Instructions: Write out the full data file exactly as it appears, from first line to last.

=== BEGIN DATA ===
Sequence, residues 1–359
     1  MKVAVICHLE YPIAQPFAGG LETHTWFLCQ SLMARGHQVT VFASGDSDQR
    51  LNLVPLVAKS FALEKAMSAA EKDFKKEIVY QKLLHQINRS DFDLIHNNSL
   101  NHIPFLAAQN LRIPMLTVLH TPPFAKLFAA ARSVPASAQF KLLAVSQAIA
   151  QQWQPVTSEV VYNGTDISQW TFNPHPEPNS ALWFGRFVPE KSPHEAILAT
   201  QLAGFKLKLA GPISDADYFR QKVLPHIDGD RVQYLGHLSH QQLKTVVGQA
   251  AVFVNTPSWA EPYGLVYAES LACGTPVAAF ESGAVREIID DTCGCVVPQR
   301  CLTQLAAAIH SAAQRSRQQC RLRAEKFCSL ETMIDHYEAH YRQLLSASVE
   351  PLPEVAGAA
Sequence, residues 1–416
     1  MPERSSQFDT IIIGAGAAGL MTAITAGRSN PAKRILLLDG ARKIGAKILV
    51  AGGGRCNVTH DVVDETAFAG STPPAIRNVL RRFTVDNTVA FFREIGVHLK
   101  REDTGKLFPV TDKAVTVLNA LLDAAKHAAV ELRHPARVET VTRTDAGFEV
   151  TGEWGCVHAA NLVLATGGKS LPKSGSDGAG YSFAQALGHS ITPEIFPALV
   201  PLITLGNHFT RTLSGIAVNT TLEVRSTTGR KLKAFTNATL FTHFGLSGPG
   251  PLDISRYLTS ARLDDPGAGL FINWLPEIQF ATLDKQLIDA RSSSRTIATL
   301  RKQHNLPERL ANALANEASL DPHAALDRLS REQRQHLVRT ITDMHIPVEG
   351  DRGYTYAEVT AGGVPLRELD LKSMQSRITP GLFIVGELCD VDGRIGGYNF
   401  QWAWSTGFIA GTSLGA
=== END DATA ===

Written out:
Sequence, residues 1–359
     1  MKVAVICHLE YPIAQPFAGG LETHTWFLCQ SLMARGHQVT VFASGDSDQR
    51  LNLVPLVAKS FALEKAMSAA EKDFKKEIVY QKLLHQINRS DFDLIHNNSL
   101  NHIPFLAAQN LRIPMLTVLH TPPFAKLFAA ARSVPASAQF KLLAVSQAIA
   151  QQWQPVTSEV VYNGTDISQW TFNPHPEPNS ALWFGRFVPE KSPHEAILAT
   201  QLAGFKLKLA GPISDADYFR QKVLPHIDGD RVQYLGHLSH QQLKTVVGQA
   251  AVFVNTPSWA EPYGLVYAES LACGTPVAAF ESGAVREIID DTCGCVVPQR
   301  CLTQLAAAIH SAAQRSRQQC RLRAEKFCSL ETMIDHYEAH YRQLLSASVE
   351  PLPEVAGAA
Sequence, residues 1–416
     1  MPERSSQFDT IIIGAGAAGL MTAITAGRSN PAKRILLLDG ARKIGAKILV
    51  AGGGRCNVTH DVVDETAFAG STPPAIRNVL RRFTVDNTVA FFREIGVHLK
   101  REDTGKLFPV TDKAVTVLNA LLDAAKHAAV ELRHPARVET VTRTDAGFEV
   151  TGEWGCVHAA NLVLATGGKS LPKSGSDGAG YSFAQALGHS ITPEIFPALV
   201  PLITLGNHFT RTLSGIAVNT TLEVRSTTGR KLKAFTNATL FTHFGLSGPG
   251  PLDISRYLTS ARLDDPGAGL FINWLPEIQF ATLDKQLIDA RSSSRTIATL
   301  RKQHNLPERL ANALANEASL DPHAALDRLS REQRQHLVRT ITDMHIPVEG
   351  DRGYTYAEVT AGGVPLRELD LKSMQSRITP GLFIVGELCD VDGRIGGYNF
   401  QWAWSTGFIA GTSLGA